Sen. Amanda Chase, R-Chesterfield, rallied with several dozen supporters outside the state Capitol on Monday to call for a “forensic audit” of Virginia’s electoral process. Since the November election former President Donald Trump and many of his supporters have continued to promote debunked or unsubstantiated claims of election fraud that election officials and courts have rejected. Democrat Joe Biden beat Trump in Virginia by 10 percentage points. “It’s so imperative that we make 100% sure that voters have 100% confidence in our election process,” Chase said at the Capitol Monday speaking in front of perhaps two dozen supporters holding homemade signs. “It’s important that we audit Virginia. It’s important we have a forensic audit, not the faux audit that the State Board of Elections did.” Chase said that when the General Assembly makes decisions Virginians need to know that “these people are elected by we the people” and that the decisions they make “are what the people want.” In March the Virginia Department of Elections said that election administrators around the state had completed an audit of ballot scanner machines used in the November elections in which Biden defeated Trump and Sen. Mark Warner, D-Va., beat Republican Daniel Gade.
North Carolina Officials say new voting audits offer trust and transparency in elections | Jordan Wilkie/Carolina Public Press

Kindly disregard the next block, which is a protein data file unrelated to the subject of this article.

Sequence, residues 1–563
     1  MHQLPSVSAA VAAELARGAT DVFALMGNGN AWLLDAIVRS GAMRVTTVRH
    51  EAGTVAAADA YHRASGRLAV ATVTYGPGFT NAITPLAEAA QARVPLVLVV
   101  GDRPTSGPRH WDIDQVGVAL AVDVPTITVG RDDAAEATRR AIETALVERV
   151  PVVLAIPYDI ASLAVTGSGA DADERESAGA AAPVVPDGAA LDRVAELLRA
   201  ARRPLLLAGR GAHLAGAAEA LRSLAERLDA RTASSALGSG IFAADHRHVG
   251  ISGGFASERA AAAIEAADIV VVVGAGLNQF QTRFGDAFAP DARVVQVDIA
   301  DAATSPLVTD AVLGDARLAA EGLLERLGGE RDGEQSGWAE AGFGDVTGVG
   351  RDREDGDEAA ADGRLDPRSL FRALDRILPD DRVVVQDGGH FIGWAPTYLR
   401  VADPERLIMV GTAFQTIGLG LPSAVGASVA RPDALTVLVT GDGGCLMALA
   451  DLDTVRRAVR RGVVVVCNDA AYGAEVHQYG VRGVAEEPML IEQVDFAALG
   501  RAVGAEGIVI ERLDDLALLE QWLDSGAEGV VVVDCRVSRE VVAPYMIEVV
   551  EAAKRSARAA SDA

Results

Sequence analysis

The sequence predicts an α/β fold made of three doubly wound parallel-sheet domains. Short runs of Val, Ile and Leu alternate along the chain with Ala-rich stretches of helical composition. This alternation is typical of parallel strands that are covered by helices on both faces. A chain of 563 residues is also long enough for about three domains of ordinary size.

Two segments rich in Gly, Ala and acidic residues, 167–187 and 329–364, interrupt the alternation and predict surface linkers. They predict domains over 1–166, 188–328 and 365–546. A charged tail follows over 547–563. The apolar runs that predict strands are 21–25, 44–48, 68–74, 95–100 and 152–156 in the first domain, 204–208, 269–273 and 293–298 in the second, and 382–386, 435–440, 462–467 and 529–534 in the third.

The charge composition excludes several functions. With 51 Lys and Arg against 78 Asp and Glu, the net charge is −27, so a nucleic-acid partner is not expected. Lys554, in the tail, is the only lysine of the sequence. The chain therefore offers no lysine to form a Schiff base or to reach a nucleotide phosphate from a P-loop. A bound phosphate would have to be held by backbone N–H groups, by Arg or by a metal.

This fall, North Carolina will pilot a new kind of postelection audit, the gold-standard method to ensure the candidate declared the winner in a race actually received the most votes. The action is the first step in a likely yearslong process of improving the state’s postelection audit strategies. Currently, the state uses a “sample audit,” whereby election officials hand-recount two random precincts to make sure the results are right. For most elections, North Carolina’s sample audits count far more ballots than is necessary to be confident that the election results are accurate, creating a significant and unnecessary burden on election officials. For very close elections, the state’s current sample audit may recount too few ballots to be highly confident in checking the results. Risk-limiting audits were designed to right-size this problem, what N.C. State Board of Elections Chair Damon Circosta referred to as an “optimization” of the system. A risk-limiting audit randomly samples ballots from across voting methods. Election officials hand-count the sample and then use an equation to see how likely it is that the paper ballots show a different outcome than the computer-counted results. If the ballots show a potentially different outcome, a bigger sample is pulled. The process is repeated using progressively larger samples. If it looks as if the paper ballots aren’t backing the electronic outcome, an entire recount occurs.